Rather than getting rid of all the department’s functions entirely, it’s more likely that a president would transfer some of them to other federal agencies in this way, Anastasia Boden, director of the Robert A. Levy Center for Constitutional Studies at the Cato Institute, tells The Dispatch: “We’ll still see aspects of the Department of Education, even if it’s not under that department in particular.” 

She adds that parts of the department are “very politically popular.” Only 5 percent of registered voters oppose the Pell grant program, compared to 65 percent who support it, according to a 2021 survey

What can the president do?

The Department of Education has been the subject of Republican criticism since President Jimmy Carter signed it into existence in 1979, separating it from the former Department of Health, Education, and Welfare. While campaigning for president in 1980, Ronald Reagan promised to abolish it, but failed, citing a lack of congressional support. 

Ramaswamy made the case last week that if elected president, he could eliminate it without congressional approval at all, claiming that the president is “already empowered by Congress to dramatically reduce the size and scope of sprawling federal agencies.” Legal experts disagree. 

“The president’s authority is actually very limited, which is why it’s surprising to see, at the debates, the candidates act like they can just get rid of it with a snap of their fingers,” Boden says. “The president isn’t going to be able to do this alone. He or she is going to have to get some participation from Congress.”

A 2017 report from the Heritage Foundation, which supports abolishing the department, also asserted that the president has “no statutory authority to reorganize the executive branch, except where acts of Congress delegate authority to make particular changes.”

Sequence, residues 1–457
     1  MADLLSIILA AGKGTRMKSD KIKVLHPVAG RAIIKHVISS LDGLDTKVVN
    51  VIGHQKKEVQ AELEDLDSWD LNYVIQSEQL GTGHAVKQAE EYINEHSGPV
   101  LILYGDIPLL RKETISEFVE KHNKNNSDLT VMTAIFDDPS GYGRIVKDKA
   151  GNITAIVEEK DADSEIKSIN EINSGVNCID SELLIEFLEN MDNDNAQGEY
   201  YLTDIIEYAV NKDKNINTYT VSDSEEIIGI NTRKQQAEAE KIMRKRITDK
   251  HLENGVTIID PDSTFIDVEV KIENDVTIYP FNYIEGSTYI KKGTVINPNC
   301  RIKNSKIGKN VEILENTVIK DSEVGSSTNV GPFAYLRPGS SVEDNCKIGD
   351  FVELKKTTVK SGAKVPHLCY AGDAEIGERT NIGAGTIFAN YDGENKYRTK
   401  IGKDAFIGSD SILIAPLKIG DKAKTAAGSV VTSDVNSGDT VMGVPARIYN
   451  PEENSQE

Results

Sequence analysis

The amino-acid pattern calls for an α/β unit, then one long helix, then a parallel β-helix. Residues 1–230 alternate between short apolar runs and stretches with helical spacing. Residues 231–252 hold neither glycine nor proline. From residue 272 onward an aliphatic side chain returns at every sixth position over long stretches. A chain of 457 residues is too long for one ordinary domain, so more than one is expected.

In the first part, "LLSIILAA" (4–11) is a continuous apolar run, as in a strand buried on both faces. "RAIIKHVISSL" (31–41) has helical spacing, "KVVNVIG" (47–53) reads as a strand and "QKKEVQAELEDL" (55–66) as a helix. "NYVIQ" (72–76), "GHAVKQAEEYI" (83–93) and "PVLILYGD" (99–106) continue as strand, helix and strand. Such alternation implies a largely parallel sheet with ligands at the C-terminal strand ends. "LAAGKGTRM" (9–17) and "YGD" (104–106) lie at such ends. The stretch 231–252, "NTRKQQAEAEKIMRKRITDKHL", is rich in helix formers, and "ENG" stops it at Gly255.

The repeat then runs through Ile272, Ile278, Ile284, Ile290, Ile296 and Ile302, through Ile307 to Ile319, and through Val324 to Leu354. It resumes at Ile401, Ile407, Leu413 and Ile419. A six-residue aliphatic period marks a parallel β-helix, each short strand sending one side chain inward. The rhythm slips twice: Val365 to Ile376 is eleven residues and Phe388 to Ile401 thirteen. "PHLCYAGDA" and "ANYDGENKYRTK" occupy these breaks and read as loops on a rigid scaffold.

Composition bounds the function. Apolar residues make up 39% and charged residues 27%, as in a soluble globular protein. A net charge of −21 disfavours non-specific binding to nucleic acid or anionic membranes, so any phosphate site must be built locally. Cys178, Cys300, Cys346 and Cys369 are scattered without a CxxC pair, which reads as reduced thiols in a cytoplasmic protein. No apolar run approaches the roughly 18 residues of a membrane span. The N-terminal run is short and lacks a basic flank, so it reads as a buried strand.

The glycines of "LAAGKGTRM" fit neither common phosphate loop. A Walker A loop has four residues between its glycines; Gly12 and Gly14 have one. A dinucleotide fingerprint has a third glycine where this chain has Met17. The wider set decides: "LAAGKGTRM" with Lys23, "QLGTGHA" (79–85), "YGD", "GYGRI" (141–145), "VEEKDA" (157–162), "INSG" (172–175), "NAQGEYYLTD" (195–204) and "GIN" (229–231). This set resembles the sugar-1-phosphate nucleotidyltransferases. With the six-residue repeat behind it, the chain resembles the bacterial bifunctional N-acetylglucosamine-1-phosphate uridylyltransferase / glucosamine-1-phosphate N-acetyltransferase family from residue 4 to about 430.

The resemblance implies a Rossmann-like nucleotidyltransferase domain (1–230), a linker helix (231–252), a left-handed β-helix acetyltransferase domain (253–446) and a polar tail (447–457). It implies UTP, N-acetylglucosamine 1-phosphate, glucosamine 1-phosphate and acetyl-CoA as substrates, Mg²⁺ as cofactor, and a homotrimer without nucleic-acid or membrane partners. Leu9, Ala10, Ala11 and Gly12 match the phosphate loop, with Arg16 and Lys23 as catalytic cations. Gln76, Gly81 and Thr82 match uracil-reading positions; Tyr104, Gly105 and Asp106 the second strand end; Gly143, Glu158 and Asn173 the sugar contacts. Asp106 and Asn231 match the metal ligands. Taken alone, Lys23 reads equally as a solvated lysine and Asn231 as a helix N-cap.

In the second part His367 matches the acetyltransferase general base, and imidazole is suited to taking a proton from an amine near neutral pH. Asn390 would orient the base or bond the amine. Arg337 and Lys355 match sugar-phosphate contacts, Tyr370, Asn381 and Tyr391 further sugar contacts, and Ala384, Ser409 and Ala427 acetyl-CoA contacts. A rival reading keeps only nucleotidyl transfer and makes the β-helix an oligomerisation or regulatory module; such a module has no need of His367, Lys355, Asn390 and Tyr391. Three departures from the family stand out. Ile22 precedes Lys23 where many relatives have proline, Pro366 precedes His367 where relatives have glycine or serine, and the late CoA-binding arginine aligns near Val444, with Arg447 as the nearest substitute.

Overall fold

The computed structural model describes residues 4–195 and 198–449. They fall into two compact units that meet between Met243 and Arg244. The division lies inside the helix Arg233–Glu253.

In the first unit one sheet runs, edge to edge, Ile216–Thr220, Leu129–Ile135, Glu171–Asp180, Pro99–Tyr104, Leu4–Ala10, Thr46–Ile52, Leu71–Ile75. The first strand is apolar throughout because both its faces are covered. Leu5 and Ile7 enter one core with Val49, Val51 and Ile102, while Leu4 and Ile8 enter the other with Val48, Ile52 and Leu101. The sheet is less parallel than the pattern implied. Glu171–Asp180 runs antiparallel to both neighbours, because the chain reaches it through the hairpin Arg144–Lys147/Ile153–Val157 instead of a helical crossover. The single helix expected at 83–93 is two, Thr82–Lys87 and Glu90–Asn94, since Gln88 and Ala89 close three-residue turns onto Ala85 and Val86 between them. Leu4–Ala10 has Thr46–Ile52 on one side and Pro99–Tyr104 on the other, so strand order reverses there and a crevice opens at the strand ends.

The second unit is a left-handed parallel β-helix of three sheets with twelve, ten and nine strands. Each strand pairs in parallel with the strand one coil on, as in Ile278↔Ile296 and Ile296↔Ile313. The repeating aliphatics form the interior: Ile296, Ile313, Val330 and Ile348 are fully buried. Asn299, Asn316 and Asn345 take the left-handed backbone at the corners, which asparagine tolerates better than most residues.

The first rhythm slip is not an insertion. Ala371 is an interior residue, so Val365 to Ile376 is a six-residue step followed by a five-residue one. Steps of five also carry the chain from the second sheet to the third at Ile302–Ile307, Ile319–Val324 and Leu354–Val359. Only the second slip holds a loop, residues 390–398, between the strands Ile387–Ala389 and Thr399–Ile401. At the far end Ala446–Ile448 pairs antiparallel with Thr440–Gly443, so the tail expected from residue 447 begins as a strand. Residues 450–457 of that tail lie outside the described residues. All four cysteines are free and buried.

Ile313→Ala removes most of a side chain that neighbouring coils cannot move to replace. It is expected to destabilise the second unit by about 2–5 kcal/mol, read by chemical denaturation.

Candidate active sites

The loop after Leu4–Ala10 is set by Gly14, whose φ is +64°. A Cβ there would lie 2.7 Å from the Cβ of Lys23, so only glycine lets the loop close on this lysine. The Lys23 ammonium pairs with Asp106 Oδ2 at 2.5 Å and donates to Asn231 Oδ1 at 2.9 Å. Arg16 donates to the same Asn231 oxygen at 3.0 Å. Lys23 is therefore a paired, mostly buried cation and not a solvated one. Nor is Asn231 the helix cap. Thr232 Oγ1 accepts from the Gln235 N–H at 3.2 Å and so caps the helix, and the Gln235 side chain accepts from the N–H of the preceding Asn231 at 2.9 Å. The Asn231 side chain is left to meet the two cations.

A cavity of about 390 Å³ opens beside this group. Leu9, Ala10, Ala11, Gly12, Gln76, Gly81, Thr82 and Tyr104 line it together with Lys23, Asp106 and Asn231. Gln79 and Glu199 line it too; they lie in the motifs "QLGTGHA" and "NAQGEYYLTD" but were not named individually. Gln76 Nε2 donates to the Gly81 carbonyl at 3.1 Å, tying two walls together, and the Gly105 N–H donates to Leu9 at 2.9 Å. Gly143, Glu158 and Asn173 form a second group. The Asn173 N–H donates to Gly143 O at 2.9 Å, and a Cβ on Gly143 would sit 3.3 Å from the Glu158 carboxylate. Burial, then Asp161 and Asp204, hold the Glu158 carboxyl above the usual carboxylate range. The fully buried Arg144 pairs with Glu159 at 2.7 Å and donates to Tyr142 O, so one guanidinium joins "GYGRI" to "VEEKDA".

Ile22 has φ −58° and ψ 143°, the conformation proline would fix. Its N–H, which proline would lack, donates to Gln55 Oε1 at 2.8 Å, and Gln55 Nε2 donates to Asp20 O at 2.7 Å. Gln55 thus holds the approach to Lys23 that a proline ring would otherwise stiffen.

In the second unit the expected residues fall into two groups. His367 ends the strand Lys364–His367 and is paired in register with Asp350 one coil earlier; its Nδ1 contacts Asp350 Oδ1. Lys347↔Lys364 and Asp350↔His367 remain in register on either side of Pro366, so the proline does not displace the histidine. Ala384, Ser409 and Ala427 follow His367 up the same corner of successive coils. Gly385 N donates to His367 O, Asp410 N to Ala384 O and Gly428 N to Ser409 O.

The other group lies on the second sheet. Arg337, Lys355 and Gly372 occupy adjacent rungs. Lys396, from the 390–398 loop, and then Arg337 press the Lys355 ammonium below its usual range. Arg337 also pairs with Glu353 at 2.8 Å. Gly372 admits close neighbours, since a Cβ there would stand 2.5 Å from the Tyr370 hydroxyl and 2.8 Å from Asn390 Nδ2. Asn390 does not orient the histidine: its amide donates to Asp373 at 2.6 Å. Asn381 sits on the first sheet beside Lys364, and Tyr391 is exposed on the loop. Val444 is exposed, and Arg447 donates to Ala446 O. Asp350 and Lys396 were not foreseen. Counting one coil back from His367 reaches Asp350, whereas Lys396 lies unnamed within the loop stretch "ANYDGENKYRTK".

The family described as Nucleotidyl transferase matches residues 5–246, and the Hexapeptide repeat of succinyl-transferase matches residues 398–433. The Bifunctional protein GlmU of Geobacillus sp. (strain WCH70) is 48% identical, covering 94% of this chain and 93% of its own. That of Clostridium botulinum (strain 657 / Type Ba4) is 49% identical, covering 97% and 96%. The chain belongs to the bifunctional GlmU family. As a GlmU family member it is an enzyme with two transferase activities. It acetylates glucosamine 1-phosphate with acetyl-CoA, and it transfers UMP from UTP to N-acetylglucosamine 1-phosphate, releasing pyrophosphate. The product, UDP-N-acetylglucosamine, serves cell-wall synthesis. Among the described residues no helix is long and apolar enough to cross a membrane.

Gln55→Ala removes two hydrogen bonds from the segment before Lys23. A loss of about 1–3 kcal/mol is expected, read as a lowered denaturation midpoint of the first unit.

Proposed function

But there are ways that a president could limit the Department of Education’s reach without removing the department entirely, Boden adds. He or she could reduce the number of staff by refusing to make appointments, eliminate agency-created boards, or put a stop to particular practices.

Still, it’s hard to tell how serious calls to abolish the department are. Presidents have split Cabinet departments into separate agencies in the past, but only one Cabinet department, the Post Office Department, has successfully been abolished in more than a half-century, according to the New York Times. But it was abolished with an act of Congress, and eliminating other non-cabinet federal agencies has also required congressional authorization in the past: Dwight Eisenhower replaced the Federal Security Agency with the Department of Health, Education, and Welfare with his authority under the Reorganization Act of 1949.

“If you don’t have a real plan, and if in reality a lot of the basic functions are going to be continuing but under a different agency, then you’re really just engaging in political pandering,” Boden says.

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Audrey Baker

Audrey Baker is an intern for The Dispatch.